Common Ground

Chinese and U.S. students learn a thing or two about public service.

Civil service has a longer history in China than it does in the United States: the Qin dynasty began building its bureaucracy in 221 B.C. But in recent years, Chinese government and universities have turned to U.S. graduate schools to teach their government officials the latest public administration theories. Those programs have helped Chinese public servants with everything from media strategies to emergency preparedness, and they've paid another dividend: building connections between Chinese students and their American counterparts.

"I've always had the feeling that management kind of transcends cultural barriers," says Joseph A. Ferrara, director of the executive master's program at Georgetown University's Public Policy Institute.

In a partnership with Fudan University in Shanghai, Georgetown has hosted groups of Chinese municipal officials for two-week visits to Washington. During that time, the Chinese officials attend seminars that focus on issues such as the budget process, ethics rules for American civil servants and how Congress works.

Lan Xue, executive associate dean of the School of Public Policy and Management at Tsinghua University in Beijing and a visiting scholar at Harvard University's Ash Institute for Democratic Governance and Innovation, says examining differences in political context and in pressing issues is important. He has seen cultural disparities as he designs an emergency management curriculum for Chinese officials.

"Crisis management [in the United States] is pretty much shaped by what happened on Sept. 11, while in China, crisis management was very much shaped by severe acute respiratory syndrome in 2003," he says.

SARS prompted Chinese agencies to not simply manage disease outbreaks but also to deal more pro-actively with the media, Xue says. Public demand for information during the crisis led some Chinese agencies to appoint spokesmen to manage special events like a meeting of the People's Congress, field questions from the foreign media and arrange domestic news conferences.

Chinese ministries are gaining an online presence and disseminating information on official Web sites, but they struggle to keep up with the rise of blogs and unofficial sites.

Xue and Anthony Saich, Daewoo professor of international affairs and faculty chairman of Asia programs at Harvard's John F. Kennedy School of Government, have played important roles in developing an educational partnership between Tsinghua and Harvard. In 2002, the Chinese government asked Harvard to put together a public policy training program for Chinese civil servants. Since then, officials with strong English-language skills have joined existing management training programs at Tsinghua or come to Harvard for a semester as fellows, and officials who speak mainly Chinese have participated in a program that brings them to the United States for six weeks, four of which they spend at the Kennedy School.

The Chinese government's dedication to training its civil servants and its willingness to provide input-but not to interfere, Xue and Saich say-in developing the program's curriculum, have given Harvard's efforts credibility with Chinese government employees.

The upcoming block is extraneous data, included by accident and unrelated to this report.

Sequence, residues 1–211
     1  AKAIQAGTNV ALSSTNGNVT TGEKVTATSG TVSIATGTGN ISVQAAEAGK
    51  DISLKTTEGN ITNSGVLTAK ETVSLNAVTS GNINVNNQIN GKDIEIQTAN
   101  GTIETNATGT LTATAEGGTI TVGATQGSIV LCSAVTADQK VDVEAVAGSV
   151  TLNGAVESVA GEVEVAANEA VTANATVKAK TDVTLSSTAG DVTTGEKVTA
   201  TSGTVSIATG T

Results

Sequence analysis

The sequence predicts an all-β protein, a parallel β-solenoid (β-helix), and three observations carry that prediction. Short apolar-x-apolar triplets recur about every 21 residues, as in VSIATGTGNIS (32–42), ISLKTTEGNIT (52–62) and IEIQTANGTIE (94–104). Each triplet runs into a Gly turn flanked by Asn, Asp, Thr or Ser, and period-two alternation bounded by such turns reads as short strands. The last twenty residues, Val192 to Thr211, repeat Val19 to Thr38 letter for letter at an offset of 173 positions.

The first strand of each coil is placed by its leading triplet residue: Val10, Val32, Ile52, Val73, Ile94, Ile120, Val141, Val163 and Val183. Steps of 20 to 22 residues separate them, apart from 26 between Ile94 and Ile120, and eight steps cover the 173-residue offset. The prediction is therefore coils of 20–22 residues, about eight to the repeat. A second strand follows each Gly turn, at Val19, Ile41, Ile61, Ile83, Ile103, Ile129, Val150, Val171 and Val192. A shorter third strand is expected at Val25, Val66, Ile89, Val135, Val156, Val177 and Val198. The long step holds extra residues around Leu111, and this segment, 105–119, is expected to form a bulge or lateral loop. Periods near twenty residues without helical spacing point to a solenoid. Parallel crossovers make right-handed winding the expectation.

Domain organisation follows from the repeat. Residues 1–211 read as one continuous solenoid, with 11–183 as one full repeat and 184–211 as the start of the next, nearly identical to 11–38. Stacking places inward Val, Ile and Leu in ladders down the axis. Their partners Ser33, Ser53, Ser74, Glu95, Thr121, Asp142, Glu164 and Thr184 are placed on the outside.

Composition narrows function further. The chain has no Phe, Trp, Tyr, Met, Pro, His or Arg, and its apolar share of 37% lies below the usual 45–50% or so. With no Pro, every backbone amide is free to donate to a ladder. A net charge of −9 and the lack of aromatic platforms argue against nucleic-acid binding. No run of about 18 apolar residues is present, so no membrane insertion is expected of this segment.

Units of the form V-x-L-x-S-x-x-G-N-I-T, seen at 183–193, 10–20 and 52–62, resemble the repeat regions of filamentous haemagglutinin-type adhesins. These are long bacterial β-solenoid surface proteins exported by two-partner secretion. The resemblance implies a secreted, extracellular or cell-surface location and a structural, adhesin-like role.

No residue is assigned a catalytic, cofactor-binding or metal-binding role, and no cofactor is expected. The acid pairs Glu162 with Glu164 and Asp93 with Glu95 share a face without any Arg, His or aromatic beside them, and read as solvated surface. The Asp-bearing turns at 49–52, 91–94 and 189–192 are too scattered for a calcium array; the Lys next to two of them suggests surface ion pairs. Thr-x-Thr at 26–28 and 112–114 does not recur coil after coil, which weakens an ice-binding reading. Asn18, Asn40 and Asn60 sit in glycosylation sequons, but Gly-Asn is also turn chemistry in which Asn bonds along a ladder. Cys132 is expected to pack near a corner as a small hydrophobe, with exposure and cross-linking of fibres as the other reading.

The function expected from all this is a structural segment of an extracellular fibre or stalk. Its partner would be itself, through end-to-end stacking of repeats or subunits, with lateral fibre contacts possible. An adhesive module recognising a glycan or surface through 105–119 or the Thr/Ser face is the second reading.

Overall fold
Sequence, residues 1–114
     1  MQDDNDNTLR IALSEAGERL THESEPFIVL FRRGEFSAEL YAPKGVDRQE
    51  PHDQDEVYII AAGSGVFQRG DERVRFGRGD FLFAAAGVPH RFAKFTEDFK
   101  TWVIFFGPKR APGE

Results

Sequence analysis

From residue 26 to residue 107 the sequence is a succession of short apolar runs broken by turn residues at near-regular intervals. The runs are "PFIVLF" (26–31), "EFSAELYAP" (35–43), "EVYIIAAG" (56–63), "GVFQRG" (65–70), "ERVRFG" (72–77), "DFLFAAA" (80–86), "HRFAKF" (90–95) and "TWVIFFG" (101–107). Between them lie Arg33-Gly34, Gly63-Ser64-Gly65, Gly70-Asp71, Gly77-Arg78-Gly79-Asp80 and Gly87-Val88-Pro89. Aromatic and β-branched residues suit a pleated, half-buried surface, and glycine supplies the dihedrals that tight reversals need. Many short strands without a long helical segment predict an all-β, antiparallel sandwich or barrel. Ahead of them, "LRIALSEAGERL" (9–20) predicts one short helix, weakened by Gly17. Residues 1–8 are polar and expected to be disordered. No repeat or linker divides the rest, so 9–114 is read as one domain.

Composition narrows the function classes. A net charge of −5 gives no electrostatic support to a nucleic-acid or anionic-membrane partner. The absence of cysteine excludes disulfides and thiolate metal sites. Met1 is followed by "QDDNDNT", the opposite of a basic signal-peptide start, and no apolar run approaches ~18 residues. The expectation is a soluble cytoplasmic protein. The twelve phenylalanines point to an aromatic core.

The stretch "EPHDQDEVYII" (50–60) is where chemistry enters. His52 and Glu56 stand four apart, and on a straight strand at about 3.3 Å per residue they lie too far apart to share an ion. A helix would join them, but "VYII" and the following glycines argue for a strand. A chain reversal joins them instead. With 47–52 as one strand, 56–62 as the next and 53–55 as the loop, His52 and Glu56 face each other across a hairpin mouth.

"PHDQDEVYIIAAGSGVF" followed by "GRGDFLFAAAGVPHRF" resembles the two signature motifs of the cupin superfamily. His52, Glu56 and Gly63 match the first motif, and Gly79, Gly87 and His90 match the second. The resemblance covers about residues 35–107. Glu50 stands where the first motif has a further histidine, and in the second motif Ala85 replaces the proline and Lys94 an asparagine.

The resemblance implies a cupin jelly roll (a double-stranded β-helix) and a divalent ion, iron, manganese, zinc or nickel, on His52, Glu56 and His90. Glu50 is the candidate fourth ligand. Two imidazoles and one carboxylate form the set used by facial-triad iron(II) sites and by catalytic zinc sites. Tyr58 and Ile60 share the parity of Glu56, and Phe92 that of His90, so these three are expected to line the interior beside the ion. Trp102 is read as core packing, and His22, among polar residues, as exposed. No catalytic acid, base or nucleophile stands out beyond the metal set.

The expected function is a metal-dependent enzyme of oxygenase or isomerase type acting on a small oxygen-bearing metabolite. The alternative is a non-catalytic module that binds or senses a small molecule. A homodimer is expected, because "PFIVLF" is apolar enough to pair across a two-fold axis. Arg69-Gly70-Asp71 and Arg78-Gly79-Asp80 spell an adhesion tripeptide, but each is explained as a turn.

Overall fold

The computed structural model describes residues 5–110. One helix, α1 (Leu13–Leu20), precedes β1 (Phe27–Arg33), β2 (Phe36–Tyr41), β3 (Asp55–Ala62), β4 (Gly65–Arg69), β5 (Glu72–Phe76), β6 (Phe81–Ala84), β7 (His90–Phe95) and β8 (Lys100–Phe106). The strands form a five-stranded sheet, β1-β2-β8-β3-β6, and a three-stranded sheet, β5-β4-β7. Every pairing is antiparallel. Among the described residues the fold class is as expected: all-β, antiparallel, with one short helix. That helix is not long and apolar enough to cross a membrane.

That trust extends in both directions. Harvard recently recommitted itself to the programs as part of a larger effort to build ties with Chinese academics. For the Kennedy School classes, Saich has helped translate public policy case studies designed by Tsinghua on topics ranging from whether to relocate the Beijing Zoo to how to improve pension management for farmers. Saich says learning from one another is important for both Chinese and American students.

"From the Chinese view, there tends to be a statist view of solutions: Let's look first to the state, the state should come in and do that, it's the state's responsibility to provide that service," Saich says. "The American students, some have a fear of the state and the question is, how can we get the state out of this. . . . It makes them question their assumptions about the ways that state and society work, but it gives them skills in defending the development of their own society."

It's not just public servants who are interested in U.S. public administration. During a March visit by Government Executive, students in the first class of Tsinghua's new master's of international development program were hungry for information about how the U.S. government handles performance management issues. Many of them plan to go into business after graduation, but they see strong government regulatory programs as critical to transparency and credibility for both business and government.

"There are always transparency and corruption problems in the third world," says Ba Ha Eun, a student who came from South Korea to Tsinghua's Beijing campus. "Korea is neither developing nor a developed country. To achieve the status of a developed country, we need to be responsible."

But beyond any specific lessons that Chinese civil servants learn from American universities or trickle-down effects on civil society, the programs that Georgetown and Harvard run could pay significant dividends in understanding.

"In the broadest possible sense, it can make the world a safer place because people know each other," Georgetown's Ferrara says. "You realize that the folks over in America have [the same] domestic political constraints that we do, so when they can't get something done, it's not because they hate us, it's because of resource issues, or there's an election that year. And by the way, we have the same issues."

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